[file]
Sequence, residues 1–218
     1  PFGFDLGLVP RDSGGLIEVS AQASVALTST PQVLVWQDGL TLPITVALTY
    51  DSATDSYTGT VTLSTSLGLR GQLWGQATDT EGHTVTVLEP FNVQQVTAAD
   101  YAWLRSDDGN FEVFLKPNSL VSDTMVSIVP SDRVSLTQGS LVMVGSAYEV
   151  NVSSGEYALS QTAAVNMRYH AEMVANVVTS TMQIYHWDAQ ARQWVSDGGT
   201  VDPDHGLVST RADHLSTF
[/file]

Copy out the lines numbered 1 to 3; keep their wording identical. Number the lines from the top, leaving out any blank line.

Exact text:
Sequence, residues 1–218
     1  PFGFDLGLVP RDSGGLIEVS AQASVALTST PQVLVWQDGL TLPITVALTY
    51  DSATDSYTGT VTLSTSLGLR GQLWGQATDT EGHTVTVLEP FNVQQVTAAD